Monday, 27 July 2015

The Harder They Come by TC Boyle Review


The Harder They Come revolves around three characters: Sten, a 70 year-old retired school principal and Vietnam vet; his mentally unbalanced son, Adam, 25 years old; and 40 year old paranoid libertarian Sara. Set in present-day Fort Bragg, California, the novel sees Adam’s mind slowly unravelling as he becomes more and more obsessed with historical figure John Colter, a scout on the Lewis and Clark expedition. Adam’s untreated schizophrenia, exacerbated by liquor and hard drugs, can only end one way once he grabs his gun and heads into the woods.

I’m going to avoid spoilers because it’ll be a more powerful read if you go into it blind. The Harder They come is a brilliant novel. Like many of TC Boyle’s books, this one explores a number of issues, though violent American culture is at the forefront. Not just the United States’ gun culture (and yes he is rightfully critical of it), but the legacy of violence that reaches back to the early days of the Republic.

The Colter flashbacks to the beginning of the 19th century remind us that Americans were once the underdogs and the Native Americans were dominant – a fact that would swiftly change as the century wore on. Sten is a veteran of Vietnam, a theatre of war that was an extension of American Imperialism from the last century, and Sara is extremely belligerent towards local and federal authority for, as she sees it, limiting her freedoms as a citizen. Adam, the youngest character in the cast, embodies all of those characters as a terrifying avatar of confused, but very real, carnage – a modern day wannabe mountain man waging his forest warfare on the government.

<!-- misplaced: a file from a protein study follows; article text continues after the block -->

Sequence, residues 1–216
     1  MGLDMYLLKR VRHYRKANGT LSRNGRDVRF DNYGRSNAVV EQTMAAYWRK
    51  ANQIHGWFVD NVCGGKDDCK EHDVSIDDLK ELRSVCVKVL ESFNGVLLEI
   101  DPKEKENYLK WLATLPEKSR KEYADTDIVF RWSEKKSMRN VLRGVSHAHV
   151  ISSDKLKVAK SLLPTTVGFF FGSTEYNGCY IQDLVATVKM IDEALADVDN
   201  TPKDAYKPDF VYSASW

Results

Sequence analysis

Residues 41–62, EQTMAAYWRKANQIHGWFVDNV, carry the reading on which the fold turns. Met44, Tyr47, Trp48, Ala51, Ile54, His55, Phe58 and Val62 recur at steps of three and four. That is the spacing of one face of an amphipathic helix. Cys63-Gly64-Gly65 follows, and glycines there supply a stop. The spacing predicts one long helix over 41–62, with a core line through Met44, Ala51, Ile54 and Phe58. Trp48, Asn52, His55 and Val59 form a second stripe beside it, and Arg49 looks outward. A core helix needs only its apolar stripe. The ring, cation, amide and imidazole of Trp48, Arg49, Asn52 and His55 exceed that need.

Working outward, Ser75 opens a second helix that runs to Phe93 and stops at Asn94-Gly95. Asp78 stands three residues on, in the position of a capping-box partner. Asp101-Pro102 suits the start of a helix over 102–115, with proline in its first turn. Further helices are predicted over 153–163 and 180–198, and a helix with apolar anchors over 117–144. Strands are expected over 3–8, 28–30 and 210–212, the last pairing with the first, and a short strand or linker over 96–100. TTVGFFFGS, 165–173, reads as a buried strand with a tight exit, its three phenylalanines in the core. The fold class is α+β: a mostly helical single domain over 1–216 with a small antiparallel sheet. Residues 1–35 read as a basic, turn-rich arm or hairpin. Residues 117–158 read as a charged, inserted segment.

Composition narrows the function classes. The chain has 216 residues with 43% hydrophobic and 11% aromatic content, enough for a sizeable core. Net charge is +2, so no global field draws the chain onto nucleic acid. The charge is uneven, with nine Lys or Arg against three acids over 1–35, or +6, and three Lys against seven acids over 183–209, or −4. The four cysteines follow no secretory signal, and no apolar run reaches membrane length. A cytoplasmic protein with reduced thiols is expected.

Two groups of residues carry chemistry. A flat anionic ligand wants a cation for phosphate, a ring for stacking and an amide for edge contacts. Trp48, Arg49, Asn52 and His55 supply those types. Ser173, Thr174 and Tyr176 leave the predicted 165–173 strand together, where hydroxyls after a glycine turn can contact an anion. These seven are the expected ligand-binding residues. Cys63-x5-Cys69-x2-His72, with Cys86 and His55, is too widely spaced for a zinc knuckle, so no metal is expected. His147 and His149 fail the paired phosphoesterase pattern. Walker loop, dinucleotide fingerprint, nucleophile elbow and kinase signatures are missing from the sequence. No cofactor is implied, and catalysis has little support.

For a relatively limited cast, Boyle covers an enormous number of subjects, weaving them into his narrative effortlessly: Mexican drug manufacturers destroying rural California, contemporary mental issues and their treatment (as well as lack of), gun control, extreme right wing politics, as well as more broad, traditional subjects like the differences between generations, fathers and sons, and the complexities of love.

The chapters alternate between Sten, Sara and Adam, and the only part of the book I didn’t totally enjoy were some of Adam’s chapters once he loses it. Boyle writes these adopting the viewpoint of a paranoid schizophrenic off of his prescribed medicine and self-medicating with numerous illegal drugs (cocaine, meth, opium). These chapters are appropriately rambling, circuitous, and diverge at peculiar tangents, as this is supposedly Adam’s disordered mind, but it still made for some uninteresting passages. That and the ending – Boyle going on for just a few more pages than he should have.

Otherwise, Boyle’s writing, characterisations, set pieces? Superb. Boyle always produces outstanding prose and his storytelling is rich and gripping. Each character is their own person with their own voice and world and the plot unfolds beautifully and tragically. It’s a fantastic story – a real literary thriller - from a modern master. The Harder They come is another excellent addition to this tremendously gifted writer’s remarkable oeuvre.

(The novel is inspired by the 2011 case of Aaron Bassler however if you’re planning on reading this book, I would recommend not looking up his details until afterwards as Boyle parallels Bassler’s last few weeks with Adam’s very closely. For that matter, if you don’t know much about John Colter, I wouldn’t look him up until after either – the Colter passages will be much more exciting as a result.)

The Harder They Come

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